Co-production in health services research: resources

Author Liliana Cunha
Posted 2018.05.10

What is ‘co-produced’ health services research? How do you do it? What are the challenges? When is (and isn’t) it appropriate? How can you capture the difference it might make? Is it worth it?

Our Spring meeting co-organised by NIHR Knowledge Mobilisation Research Fellows and HSRUK, “Co-producing health services research: The hows and whys”, was held at Woburn House, London on Friday 4 May.

Service users, researchers, commissioners, practitioners, the third sector and even a creative artist shared what has (and hasn’t) worked when they’ve been involved in co-producing health services research. Interactive workshops explored approaches to co-produced health services research, from modelling, and learning circles to participatory service evaluation, theatre and design – even the use of Lego. We also heard from experts from Canada and the N8 Research Partnership about how to capture the impact from co-production.

We would love this discussion to keep going, so please don't hesitate to use the  #coproductionUK and tag @HSRN_UK in your conversations! Check back here for regular coproduction news and updates etc. 


Report from the event


Biographies of all speakers & Workshop facilitators


Workshop summaries:



NIHR CLAHRC PPI e-news - Impact of Patient and Public Involvement

NIHR patients and the public - INVOLVE PPI newsletter





Guidance for researchers on Patient and Public Involvement 

Impact of Patient and Public Involvement (PPI): Completing the Feedback Cycle

Making events accessible

Universal design and access to all

Reciprocal relationships and the importance of feedback in patient and public involvement: A mixed methods study



  • The James Lind Alliance (JLA) It brings patients, carers and clinicians together in Priority Setting Partnerships (PSPs) to identify and prioritise the Top 10 uncertainties, or unanswered questions, about the effects of treatments.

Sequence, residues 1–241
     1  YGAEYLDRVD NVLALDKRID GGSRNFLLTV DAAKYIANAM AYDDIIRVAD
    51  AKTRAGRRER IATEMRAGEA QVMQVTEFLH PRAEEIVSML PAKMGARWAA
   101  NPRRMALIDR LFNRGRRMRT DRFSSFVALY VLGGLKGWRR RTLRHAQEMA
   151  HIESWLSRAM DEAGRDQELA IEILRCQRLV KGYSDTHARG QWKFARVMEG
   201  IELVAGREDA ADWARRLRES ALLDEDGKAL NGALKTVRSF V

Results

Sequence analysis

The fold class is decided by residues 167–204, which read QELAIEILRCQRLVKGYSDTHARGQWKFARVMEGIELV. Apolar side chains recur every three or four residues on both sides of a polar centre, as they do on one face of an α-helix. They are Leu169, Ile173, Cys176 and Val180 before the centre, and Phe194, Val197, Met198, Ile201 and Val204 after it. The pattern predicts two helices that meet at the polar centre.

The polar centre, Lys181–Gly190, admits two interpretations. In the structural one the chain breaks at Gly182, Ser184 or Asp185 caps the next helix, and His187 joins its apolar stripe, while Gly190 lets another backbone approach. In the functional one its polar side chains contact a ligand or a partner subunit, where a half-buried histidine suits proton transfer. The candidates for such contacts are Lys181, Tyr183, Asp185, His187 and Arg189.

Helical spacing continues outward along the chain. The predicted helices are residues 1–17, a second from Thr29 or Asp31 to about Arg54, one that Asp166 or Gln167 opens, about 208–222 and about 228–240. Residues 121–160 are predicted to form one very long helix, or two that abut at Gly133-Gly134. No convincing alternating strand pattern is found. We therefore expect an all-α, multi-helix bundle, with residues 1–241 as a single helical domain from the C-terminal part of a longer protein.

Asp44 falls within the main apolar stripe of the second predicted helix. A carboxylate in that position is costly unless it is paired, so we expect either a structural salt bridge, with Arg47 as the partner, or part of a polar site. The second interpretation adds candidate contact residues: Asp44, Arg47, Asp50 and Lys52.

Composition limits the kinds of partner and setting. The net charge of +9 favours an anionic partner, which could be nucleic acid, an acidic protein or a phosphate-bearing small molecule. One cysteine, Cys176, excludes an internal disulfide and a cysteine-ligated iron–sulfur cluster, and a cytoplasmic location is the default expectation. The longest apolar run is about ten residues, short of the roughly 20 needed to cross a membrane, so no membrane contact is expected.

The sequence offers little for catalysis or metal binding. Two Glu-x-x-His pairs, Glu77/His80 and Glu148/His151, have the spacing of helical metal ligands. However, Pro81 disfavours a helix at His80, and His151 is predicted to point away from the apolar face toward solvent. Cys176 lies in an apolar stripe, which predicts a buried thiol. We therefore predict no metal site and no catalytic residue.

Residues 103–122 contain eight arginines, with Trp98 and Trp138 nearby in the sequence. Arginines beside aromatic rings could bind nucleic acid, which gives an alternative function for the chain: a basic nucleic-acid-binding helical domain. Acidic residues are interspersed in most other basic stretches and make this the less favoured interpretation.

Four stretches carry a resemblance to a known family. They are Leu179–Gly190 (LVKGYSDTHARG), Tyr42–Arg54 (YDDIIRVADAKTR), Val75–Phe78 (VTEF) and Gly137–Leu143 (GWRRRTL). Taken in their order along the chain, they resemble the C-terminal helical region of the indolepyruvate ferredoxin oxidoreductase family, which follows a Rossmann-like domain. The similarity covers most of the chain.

• The Coalition for Collaborative Care The Coalition is an alliance of a growing number of people and organisations committed to introduce person-centred, collaborative care for people with long term conditions, at a personal and system-wide level across the NHS.
  • Devices for Dignity Their mission is to act as a catalyst within the NHS for the development of new medical devices, healthcare technologies and technology-dependent interventions. We focus on developing technology solutions to meet clinical needs and for chronic health conditions that are often overlooked, and that are typically associated with loss of dignity and independence, and poor patient outcomes.
  • Patient Focused Medicines Development PFMD aims to establish, at global level, a systematic and consistent approach to patient involvement – a worldwide accepted standard for how and when the patient engagement should take place. (Patient engagement is the pharmaceutical world’s terminology for PPI).